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BiK Rates Company Car Tax

ACFO calls for fair and transparent BiK band structure

The Government is being urged to provide long-term visibility on future Benefit-in-Kind rates as well as implementing a fairer structure that incentivises ultra-low emission vehicles.Driver holding key

The call comes from ACFO following the recent Treasury consultation on revising the company car tax system for ULEVs.

The proposals in the consultation, which closed on 20 October, set out a system that defines ULEVs by sub-50g/km CO2 emissions, then divides them into bands based on their electric range, incentivising vehicles which can be driven longer distances without using a petrol or diesel engine.

The consultation also looked at two new ways of structuring ULEV bands, either with a large number of narrow bands, which taper gently between 0–75g/km, or smaller numbers of wider emission bands similar to the current ULEV bands thereby creating ‘cliff edges’.

In response ACFO has called for BiK tax bands for ULEVs to:

  • Strongly incentivise corporate demand to ensure employee take-up increases
  • Incentivise cars with the highest zero-emission ranges
  • Recognise the wide range of vehicles and fuel options available by creating continuous narrower bands rather than the ‘cliff edge’ approach resulting from fewer wider bands.

It added that the Government should take into account next year’s introduction of the World Harmonised Light Vehicle Test Procedure designed to reflect real-world driving MPG and emissions, which is expected to impact on existing new car figures. As a result, it is anticipated that fewer cars will meet the current 75g/km threshold to be classed as ULEVs.

The organisation also said the Government should give thought to including other emissions, such as nitrogen oxide (NOx), in any new system to help further air quality improvements.

ACFO additionally suggested that recognition could be given to the variance between different fuel types powering cars to recognise “the very different real world emissions that exist”.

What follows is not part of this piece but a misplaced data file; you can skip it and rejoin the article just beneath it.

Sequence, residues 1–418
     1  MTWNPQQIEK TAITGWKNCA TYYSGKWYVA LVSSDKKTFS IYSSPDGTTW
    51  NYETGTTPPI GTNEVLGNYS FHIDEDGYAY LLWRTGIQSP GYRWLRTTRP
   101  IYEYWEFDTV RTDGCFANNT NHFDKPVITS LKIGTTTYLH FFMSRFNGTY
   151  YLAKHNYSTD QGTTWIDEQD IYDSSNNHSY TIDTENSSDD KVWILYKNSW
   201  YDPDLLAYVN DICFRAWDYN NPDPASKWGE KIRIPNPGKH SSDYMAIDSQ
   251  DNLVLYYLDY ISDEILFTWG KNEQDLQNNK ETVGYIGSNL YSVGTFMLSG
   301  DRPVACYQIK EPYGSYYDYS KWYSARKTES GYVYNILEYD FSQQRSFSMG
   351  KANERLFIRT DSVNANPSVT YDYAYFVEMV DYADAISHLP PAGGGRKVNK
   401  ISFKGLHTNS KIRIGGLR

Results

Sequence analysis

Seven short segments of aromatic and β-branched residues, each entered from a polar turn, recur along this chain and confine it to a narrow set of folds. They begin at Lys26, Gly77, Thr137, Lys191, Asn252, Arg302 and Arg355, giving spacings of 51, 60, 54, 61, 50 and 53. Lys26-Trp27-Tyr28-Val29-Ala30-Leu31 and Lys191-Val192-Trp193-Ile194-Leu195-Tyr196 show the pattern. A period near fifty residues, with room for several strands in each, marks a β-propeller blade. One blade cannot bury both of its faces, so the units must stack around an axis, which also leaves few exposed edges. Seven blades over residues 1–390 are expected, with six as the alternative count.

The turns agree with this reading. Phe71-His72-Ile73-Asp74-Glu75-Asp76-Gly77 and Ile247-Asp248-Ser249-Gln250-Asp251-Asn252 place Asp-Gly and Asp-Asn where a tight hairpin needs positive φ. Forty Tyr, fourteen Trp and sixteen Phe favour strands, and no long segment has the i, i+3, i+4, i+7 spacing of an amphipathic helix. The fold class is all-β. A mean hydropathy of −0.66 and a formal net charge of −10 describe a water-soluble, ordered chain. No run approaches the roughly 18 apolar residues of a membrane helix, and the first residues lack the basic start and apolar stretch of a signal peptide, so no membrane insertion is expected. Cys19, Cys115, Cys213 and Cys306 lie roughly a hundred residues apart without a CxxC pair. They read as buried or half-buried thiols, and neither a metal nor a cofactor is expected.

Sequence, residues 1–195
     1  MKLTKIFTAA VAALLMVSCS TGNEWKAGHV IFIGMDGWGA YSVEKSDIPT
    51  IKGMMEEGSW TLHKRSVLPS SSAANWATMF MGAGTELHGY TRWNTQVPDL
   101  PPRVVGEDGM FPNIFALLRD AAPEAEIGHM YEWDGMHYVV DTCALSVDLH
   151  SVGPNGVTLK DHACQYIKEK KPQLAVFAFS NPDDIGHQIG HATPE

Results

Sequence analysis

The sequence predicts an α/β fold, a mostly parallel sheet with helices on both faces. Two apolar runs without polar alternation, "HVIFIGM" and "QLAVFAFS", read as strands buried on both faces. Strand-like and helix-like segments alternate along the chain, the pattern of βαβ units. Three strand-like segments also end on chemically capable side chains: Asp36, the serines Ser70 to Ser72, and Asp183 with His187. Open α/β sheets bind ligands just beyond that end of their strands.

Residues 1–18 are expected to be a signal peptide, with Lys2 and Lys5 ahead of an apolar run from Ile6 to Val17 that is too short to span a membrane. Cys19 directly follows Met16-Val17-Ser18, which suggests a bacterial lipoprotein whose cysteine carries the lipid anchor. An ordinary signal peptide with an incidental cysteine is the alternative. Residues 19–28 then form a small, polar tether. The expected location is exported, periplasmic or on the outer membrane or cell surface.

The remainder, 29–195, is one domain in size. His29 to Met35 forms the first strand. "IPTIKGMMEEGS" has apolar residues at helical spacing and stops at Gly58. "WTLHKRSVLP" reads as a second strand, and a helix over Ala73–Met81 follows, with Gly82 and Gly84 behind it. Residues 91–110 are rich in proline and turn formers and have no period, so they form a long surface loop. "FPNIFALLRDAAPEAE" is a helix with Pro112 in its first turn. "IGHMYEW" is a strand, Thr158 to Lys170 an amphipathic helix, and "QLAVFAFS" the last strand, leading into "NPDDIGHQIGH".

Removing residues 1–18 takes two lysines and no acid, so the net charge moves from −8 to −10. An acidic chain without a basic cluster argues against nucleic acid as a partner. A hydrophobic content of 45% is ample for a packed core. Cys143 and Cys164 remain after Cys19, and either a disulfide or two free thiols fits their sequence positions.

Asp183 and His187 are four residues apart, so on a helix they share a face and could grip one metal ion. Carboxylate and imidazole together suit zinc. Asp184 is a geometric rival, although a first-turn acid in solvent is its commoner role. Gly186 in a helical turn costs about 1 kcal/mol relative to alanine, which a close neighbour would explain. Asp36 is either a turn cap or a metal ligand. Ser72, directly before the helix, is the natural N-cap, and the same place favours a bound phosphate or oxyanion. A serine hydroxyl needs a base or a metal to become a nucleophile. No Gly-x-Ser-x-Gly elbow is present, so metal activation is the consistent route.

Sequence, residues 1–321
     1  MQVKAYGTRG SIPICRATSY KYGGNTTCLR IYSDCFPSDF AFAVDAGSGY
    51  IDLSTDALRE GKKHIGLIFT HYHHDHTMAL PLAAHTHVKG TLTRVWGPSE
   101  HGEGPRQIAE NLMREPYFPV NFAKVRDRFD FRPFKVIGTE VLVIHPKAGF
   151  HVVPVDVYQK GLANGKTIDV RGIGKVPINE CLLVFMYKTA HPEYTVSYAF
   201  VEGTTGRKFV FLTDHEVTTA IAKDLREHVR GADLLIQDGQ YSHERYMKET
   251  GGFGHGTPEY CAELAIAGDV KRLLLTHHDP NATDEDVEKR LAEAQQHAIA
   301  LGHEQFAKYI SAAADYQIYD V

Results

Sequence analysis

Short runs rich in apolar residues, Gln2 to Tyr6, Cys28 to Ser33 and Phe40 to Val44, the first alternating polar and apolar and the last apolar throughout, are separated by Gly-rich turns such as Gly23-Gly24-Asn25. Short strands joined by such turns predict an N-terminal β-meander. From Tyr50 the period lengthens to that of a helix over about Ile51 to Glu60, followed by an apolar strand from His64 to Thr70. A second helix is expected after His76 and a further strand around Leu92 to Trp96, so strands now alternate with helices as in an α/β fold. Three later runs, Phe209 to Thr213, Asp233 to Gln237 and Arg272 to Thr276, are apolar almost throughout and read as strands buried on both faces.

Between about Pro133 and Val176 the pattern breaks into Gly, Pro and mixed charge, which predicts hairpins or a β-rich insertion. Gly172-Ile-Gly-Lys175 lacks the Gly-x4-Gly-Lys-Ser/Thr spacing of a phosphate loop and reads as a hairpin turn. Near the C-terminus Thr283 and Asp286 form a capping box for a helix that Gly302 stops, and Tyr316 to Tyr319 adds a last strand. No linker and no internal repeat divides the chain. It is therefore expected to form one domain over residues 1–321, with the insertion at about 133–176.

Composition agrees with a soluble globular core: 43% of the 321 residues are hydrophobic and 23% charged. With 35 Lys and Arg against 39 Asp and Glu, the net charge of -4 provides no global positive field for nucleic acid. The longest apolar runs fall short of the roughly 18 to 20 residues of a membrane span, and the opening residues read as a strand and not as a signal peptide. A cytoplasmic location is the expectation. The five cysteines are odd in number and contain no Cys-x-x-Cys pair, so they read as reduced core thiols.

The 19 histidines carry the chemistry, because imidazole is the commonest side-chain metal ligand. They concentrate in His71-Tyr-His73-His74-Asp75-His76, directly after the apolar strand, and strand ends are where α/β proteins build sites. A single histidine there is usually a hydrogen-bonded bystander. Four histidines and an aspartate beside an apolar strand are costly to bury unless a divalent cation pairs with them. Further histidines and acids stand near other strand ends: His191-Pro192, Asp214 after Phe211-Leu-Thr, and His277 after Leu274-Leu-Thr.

Despite those suggestions, ACFO deputy chairman Caroline Sandall said: “The existing company car Benefit-in-Kind tax regime, which has been in place since 2002, is easy to administer and straight-forward to understand for companies and employees alike. Therefore, ACFO would encourage a similarly simple band structure that is both fair and transparent for ULEVs from 2020/21.”

ACFO also called for long-term visibility of company car tax to aid fleet planning, and has recommended that HMRC sets out tax levels for the next eight years.

Sandall added: “Long-term planning is essential to motor manufacturers and fleets and it is only fair to company car drivers that they select vehicles in the full knowledge of what their tax bills will be for the full life cycle of a vehicle. Currently tax levels are known for four years, but ACFO believes that is not long enough which is why we have called for eight years.”

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Natalie Middleton

Natalie has worked as a fleet journalist for 16 years, previously as assistant editor on the former Company Car magazine before joining Fleet World in 2006. Prior to this, she worked on a range of B2B titles, including Insurance Age and Insurance Day. As Business Editor, Natalie ensures the group websites and newsletters are updated with the latest news.